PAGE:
The study also revealed a 13-fold difference in cadmium bioaccumulation that is genotype dependent (Figure). The project has been completed. An extension, to carry out a Genome Wide Association Study (GWAS) to identify and localize the genes involved in cadmium uptake and translocation, and to complete the suitability tests of low accumulating genotypes as rootstock, is currently under discussion.

Completed Projects

Main Sources of MOH Contamination and
Entry Points into the Cocoa Supply Chain

Mineral oil hydrocarbons (MOH) are ubiquitous contaminants, mainly composed of two fractions, saturated hydrocarbons (MOSH) and aromatic hydrocarbons (MOAH), that have raised significant concern in the last years. Cocoa products are potentially exposed to MOH from the farm to the final product delivered to the consumer. Therefore, the ECA MOH Taskforce, together with the JRF, organized a study (divided into two parts) with the aim to better understand the possible sources of contamination and entry points of MOH in the cocoa supply chain and the reliability of the analytical methods.

Entry points:

Storage in origin and container transport to the final destination showed a critical role. Nevertheless, the high dependence of the contamination towards different batches of jute bags or cardboard, made it difficult to draw a definitive conclusion.

Contamination sources:

A lab-scale test, where cocoa beans were exposed to contaminated jute bags, showed that the migration occurred from the jute bags to the cocoa beans, with a preference of the lighter C-fractions. The shell seems to act as a barrier allowing only the lightest fraction to reach the nibs.

Reliability of the analytical methods:

three ring tests were organized proving the necessity to still improve the methods for the determination of MOSH and MOAH, and as well of the chosen markers for assessing the contamination, namely phytane, pristane, and DIPN. Although the z’-scores were generally successful, the % uncertainty associated with the determination of MOSH and MOAH is not included in the acceptable ranges set by the EU 2002/657/EC Commission Decision. The LOQs reported were very different for the different laboratories contributing to increase the uncertainty of the final results.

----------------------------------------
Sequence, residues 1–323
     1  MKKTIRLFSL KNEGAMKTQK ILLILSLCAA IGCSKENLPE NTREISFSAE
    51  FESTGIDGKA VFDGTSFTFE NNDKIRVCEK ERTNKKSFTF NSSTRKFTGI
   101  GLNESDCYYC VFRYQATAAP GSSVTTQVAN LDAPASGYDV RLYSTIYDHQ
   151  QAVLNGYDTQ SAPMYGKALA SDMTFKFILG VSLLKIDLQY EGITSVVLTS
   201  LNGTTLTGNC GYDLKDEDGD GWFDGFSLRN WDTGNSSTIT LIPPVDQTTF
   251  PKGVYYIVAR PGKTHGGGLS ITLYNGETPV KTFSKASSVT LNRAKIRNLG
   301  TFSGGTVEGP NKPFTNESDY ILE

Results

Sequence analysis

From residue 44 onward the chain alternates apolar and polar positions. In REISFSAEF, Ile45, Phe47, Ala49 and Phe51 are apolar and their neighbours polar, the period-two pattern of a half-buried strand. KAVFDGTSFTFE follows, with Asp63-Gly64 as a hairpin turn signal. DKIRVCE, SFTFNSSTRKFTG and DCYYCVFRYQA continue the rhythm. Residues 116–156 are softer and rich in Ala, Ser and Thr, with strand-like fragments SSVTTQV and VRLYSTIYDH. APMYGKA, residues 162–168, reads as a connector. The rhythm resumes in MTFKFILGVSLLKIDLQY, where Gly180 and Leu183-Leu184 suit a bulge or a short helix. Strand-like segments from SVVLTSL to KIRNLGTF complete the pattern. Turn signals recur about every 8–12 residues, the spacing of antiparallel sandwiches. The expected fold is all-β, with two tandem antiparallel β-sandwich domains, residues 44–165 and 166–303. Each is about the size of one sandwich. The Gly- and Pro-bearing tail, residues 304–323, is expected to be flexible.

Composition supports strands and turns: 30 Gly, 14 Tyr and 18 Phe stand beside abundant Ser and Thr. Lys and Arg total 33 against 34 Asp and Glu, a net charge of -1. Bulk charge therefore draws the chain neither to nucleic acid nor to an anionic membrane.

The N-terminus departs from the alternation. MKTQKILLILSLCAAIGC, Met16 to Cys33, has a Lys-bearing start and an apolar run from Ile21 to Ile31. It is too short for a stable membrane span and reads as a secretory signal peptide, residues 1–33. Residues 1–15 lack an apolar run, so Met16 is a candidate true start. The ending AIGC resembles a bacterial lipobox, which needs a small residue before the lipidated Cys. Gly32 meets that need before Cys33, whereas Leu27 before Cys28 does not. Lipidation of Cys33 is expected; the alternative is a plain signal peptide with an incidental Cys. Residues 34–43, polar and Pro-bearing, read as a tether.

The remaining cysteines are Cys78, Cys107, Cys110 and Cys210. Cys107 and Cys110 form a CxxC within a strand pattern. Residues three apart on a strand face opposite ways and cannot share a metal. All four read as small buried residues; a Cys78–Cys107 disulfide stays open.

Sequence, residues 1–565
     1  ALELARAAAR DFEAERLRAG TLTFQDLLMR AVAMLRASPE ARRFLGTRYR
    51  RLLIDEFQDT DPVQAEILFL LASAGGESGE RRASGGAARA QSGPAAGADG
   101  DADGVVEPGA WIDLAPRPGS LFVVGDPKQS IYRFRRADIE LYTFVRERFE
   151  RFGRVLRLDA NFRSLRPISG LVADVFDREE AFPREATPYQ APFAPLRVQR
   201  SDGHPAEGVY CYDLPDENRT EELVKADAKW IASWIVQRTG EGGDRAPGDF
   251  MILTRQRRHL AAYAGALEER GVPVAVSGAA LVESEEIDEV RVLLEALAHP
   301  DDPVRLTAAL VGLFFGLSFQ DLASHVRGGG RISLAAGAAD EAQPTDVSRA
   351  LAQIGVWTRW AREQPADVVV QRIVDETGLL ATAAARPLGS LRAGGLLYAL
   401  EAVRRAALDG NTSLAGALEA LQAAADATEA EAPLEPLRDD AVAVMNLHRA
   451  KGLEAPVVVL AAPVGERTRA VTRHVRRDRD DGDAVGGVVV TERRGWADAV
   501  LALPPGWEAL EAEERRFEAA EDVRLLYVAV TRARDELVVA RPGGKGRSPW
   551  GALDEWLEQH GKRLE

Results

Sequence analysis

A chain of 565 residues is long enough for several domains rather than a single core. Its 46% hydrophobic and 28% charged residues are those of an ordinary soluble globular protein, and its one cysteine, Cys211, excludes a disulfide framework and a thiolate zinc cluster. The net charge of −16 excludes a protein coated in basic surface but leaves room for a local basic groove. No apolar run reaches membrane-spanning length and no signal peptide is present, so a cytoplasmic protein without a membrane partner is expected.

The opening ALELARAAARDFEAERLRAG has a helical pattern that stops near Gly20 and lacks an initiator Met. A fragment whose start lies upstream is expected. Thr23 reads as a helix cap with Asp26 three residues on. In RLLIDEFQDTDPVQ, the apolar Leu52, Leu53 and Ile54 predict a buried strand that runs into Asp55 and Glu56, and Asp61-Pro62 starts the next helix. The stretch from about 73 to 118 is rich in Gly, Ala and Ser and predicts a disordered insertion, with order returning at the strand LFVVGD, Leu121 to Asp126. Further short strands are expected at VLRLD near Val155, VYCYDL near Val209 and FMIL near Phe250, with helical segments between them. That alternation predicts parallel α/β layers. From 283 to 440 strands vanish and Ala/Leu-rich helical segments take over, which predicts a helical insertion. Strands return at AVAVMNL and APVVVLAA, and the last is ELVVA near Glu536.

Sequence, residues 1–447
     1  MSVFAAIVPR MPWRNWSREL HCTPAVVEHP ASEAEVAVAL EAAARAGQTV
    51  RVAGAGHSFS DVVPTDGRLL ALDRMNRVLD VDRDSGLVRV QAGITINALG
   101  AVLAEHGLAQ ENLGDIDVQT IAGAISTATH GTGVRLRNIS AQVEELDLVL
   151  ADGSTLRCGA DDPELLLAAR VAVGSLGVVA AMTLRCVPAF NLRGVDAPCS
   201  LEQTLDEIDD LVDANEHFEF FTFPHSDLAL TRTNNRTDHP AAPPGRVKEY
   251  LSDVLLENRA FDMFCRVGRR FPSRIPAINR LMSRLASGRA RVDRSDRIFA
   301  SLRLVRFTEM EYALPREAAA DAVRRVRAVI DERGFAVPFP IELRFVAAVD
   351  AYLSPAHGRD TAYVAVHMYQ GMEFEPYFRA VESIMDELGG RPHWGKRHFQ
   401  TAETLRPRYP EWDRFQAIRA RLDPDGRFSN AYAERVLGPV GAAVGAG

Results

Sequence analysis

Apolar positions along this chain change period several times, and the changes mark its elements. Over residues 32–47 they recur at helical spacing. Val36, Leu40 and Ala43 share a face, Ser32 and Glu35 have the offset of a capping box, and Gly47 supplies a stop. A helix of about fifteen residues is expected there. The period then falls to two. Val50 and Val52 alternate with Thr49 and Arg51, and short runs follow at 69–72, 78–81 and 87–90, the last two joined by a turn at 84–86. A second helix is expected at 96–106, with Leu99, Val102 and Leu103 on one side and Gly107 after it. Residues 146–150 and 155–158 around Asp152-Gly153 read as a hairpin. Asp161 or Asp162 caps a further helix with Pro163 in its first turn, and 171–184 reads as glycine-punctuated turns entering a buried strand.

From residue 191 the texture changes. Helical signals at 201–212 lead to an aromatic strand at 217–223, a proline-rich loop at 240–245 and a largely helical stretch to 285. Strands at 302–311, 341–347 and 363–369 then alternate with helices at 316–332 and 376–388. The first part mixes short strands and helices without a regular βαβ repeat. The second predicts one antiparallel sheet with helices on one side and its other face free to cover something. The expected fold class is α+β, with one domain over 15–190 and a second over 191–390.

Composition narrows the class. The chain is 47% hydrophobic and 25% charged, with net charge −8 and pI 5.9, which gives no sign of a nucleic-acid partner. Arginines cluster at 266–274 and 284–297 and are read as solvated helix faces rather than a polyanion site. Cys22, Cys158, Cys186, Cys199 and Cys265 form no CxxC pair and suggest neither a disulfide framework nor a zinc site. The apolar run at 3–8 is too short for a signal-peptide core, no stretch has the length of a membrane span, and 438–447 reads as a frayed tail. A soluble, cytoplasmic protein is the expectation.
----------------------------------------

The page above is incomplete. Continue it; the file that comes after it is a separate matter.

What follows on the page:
Project Follow-Up Activities:

The project outcome, in particular the critical role of jute bags for MOH contamination, was presented and discussed in an international webinar, jointly organized by the International Cocoa Organization (ICCO), the European Cocoa Association (ECA), the Association of Chocolate, Biscuit and Confectionery Industries of Europe (CAOBISCO) and the JRF. As an outcome of the webinar, a MOH Technical Working Group (TWG) was founded, consisting of jute bag producers, cocoa processors and chocolate manufactures. Aim of the TWG is the definition of a benchmark level for MOH in jute bags and the development of mitigation strategies.

Download the Excecutive Project Summary


Cocoa Beans: Chocolate & Cocoa Industry Quality Requirements

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Completed Projects

Understanding the extent of molecular diversity of the complex of viral species responsible for Cacao swollen shoot disease in order to improve CSSV detection and identify genuine alternative host plants